If you have questions concerning FAFSA on the Web, do not hesitate to contact the Federal Student Aid Information Center at 1-800-4-FED-AID (1-800-433-3243) or 1-319-337-5665. When prompted to speak a menu option, say “Web site assistance.” You can also contact the Center by email at

Nov 19, 2009

US Students May Be Facing Increased Competition from International Applicants

The Common Application organization recently reported astonishing increases in utilization of their online application system so far this year. In addition to a 25 percent jump in applications over 2008, the number of students registered as potential applicants in the system also rose by 16 percent. But curiously, demographics show the number of US high school students projected to graduate in 2010 declining. So what’s going on?

While there may be several explanations for why more students are already applying to more colleges this year, one interesting possibility recently cropped up in statistics collected by the Institute of International Education. According to the Chronicle of Higher Education (subscription required), the number of foreign students attending American colleges hit an all-time high last year, increasing by 8 percent over the previous year. Some 671,616 international students attended US institutions in 2008-09. Enrollment grew strongest at the undergraduate level with an 11 percent increase in foreign students matriculating in US colleges and universities.

While India continues to send the most students to the US, China increased undergraduate enrollments by 60 percent over the 2007-08 academic year and is projected to continue sending even more students in the coming years. Evidently, the availability of post-secondary educational opportunities in China has not kept pace with demand, and current exchange rates bring the cost of an American education within the means of many middleclass Chinese families.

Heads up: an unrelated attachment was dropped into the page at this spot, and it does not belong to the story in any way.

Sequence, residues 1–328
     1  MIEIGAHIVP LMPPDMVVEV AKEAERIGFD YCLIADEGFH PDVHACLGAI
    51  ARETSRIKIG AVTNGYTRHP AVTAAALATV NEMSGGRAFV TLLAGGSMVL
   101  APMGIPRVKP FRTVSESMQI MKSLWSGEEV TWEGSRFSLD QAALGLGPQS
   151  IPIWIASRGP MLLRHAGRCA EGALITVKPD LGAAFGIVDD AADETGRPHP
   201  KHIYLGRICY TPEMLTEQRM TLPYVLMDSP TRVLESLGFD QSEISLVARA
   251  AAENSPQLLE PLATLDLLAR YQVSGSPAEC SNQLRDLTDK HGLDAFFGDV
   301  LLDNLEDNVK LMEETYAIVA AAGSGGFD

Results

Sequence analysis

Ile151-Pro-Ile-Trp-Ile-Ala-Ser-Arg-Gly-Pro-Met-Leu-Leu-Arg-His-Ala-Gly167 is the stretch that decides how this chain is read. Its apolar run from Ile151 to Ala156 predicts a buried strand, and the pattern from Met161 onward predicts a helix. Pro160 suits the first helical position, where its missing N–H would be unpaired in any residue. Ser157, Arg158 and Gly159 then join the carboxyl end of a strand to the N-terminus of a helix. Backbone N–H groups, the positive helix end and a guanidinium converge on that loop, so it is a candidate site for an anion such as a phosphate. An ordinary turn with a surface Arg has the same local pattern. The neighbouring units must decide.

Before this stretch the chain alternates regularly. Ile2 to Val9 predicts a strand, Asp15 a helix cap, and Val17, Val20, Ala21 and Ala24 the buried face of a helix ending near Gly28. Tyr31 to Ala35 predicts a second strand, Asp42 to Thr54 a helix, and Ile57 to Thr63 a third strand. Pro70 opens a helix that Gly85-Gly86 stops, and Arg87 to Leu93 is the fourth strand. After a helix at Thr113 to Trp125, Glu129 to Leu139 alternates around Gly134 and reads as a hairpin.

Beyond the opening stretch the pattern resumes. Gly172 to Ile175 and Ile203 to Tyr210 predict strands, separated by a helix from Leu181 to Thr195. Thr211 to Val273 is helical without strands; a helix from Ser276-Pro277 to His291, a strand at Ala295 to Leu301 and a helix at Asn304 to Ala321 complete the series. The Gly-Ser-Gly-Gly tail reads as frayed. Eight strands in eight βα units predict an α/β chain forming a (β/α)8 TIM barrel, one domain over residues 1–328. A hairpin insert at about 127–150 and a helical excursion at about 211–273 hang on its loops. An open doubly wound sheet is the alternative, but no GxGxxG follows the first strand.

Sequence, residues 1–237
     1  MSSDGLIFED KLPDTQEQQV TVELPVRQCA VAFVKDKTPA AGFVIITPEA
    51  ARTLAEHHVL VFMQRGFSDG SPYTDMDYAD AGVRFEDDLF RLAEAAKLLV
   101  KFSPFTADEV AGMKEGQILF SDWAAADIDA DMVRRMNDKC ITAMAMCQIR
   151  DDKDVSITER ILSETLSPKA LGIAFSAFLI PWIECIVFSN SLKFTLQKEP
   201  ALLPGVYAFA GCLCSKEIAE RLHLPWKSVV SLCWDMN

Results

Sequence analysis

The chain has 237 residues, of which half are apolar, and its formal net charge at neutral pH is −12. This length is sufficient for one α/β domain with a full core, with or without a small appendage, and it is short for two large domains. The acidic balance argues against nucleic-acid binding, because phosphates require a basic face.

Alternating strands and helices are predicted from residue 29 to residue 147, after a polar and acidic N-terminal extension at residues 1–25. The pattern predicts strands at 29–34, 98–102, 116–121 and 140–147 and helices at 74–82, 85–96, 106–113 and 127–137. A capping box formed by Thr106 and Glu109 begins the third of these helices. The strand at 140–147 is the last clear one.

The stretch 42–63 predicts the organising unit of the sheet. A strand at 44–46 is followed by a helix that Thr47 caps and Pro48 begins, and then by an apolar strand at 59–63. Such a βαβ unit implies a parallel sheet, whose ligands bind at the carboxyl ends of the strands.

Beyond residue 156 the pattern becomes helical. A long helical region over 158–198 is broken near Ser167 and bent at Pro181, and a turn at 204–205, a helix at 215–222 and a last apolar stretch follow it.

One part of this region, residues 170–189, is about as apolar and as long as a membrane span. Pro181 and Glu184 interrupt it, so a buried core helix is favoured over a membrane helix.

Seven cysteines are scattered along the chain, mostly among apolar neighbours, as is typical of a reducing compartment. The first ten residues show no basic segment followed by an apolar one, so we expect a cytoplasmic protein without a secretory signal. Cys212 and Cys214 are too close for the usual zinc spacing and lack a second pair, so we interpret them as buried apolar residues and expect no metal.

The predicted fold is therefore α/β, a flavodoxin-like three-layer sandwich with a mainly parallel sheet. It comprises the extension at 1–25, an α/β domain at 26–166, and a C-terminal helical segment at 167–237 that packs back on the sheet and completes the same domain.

So where are these students applying? It turns out that many of the schools favored by international students are those sought by US applicants. For example, the list of doctoral institutions with the greatest percentage of foreign students covers colleges recognizable as among the most selective in national rankings:


Percent International Students

nternational Enrollment

Columbia University, NY



Harvard University, MA



University of Southern California



University of Pennsylvania



University at Buffalo, NY



Boston University, MA



Purdue, IN






University of Michigan



New York University



International enrollments at baccalaureate institutions are more of a mixed bag:


Percent International Students

Total International Enrollment

Brigham Young University-Hawaii



Mount Holyoke College, MA



Dickinson State University, ND



Macalester College, MN



Grinnell College, IA



Associate-degree granting institutions are also experiencing an increase in international students, some of whom will eventually transfer to 4-year institutions. Locally, both Montgomery College and the Northern Virginia Community College (NOVA) are in the top ten nationally for total number of international students at 2242 (9%) and 1663 (4%) respectively.